A few days ago, someone asked me about the overhead wires of a railway and the pantographs, that pick up the 25,000 Volts AC current.
I can’t remember what their question was, but I said it is a difficult problem, as a train like a Virgin Class 390 Pendelino might be travelling at 125 mph in bad weather, so maintaining contact with a constant pressure between the pantograph and the overhead wire isn’t easy.
I was reading something else and found this article on the Rail Engineer web site. Research has been going on at the City University to develop a sensor that monitors the forces at the pantograph head. As you can imagine it is a particularly harsh environment and the engineers have bean using a technology called a Fibre Bragg Grating (FBG) developed in the 1990s, based on the work by the Nobel Prize-winning scientists William Lawrence Bragg and his father; William Henry Bragg.
I won’t paraphrase the article, but it is a must read. Where it will all lead to I don’t know, but I will repeat this last paragraph.
In the long term, the FBG sensor system offers the ability to detect contact forces from the entire service fleet if combined with GPS and suitable telemetry. This offers the potential of continuous real-time monitoring of the entire overhead line network. Then the Braggs’ work on X-ray diffraction of crystals a hundred years ago could well have made overhead line dewirements also a thing of the past.
Just imagine what it would mean to the operators of our increasingly electrified rail network, if delays caused by trains bringing down the overhead wires were to be reduced.
I’ve met people at Cambridge University for whom William Lawrence Bragg was their tutor and they have described him as a quiet man, who was superb in getting brilliant work out of the students, he tutored.
This tale illustrates why we must do more and more research and often that the solution to a difficult problem is unexpected, but brilliant.
Hampstead is a very posh part of London, but walk down Haverstock Hill and you see some of the worst buildings in London.
The church is having the cheek to object to the hospital building a new research centre.
A better solution would be to demolish both the Royal Free Hospital and St. Stephen’s church and use the enlarged site to build something that fitted better into the area. Like a prison or a factory making garden gnomes.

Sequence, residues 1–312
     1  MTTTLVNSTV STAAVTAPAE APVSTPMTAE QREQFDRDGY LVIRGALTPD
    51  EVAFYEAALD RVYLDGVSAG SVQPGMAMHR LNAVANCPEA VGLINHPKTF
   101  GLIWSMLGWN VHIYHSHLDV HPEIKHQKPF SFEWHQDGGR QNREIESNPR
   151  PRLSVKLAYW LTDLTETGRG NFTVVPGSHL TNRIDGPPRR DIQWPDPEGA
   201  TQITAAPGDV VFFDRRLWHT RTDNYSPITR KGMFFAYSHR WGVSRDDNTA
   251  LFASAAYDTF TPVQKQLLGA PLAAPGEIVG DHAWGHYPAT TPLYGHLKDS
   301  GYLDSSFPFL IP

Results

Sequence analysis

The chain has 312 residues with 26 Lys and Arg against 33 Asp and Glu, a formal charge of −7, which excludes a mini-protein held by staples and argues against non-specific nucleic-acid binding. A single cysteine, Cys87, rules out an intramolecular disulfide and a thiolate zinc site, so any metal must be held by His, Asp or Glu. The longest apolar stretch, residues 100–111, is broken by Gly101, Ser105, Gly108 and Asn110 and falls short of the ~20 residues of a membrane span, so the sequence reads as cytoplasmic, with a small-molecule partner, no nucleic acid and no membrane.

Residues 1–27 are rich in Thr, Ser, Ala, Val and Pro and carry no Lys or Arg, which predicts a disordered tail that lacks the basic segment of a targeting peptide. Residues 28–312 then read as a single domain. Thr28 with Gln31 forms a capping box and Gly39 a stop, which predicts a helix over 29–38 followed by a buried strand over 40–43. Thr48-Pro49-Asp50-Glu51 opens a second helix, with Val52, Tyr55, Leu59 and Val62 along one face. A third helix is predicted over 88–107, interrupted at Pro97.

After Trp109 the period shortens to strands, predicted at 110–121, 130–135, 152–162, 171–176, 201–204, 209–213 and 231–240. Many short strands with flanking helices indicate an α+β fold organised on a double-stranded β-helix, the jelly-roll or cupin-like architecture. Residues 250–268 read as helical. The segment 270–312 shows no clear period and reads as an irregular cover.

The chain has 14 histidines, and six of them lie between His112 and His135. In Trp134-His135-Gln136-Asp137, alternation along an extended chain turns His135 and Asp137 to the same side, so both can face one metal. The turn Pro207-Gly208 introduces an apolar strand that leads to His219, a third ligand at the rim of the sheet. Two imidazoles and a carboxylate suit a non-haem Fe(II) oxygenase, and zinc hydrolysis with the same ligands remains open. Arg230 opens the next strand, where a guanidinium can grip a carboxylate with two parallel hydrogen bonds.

Seriously though, the hospital was built in 1974 and it can’t be many years until, it will need either severe refurbishment or replacing.
This would surely give a chance to improve the whole area.
The church is the sort of building, that gives the heritage industry a bad name. Wikipedia says this about its restoration.
A lease on it was awarded to the St Stephen’s Restoration and Preservation Trust in 1999 and, after this body raised over £4 million from English Heritage, the Heritage Lottery Fund, local businesses and individual donors, it has restored it to a usable condition in three phases.
I’m sure all of those who play the lottery loved that their money went towards restoring an eyesore like this. I don’t play the lottery as it is a tax on the poor. I do object though that English Heritage put money in, as that could be part of my taxes. If individuals want to waste their own money on a building that would serve best as good hardcore, that is their own affair.
I found this research on the Exeter University web site, after seeing a report in today’s Sunday Times.
This is the headline of an article in the Sunday Times reporting on a study from the City University.
I’m 1.71 tall and my waist is about 80 centimetres. Although I have no proof, I think I’m the same size, as when I left Liverpool University in 1968.
So I think I qualify.
But then so did C and our youngest son and both are not here now!
Two personal stories would appear to support the research.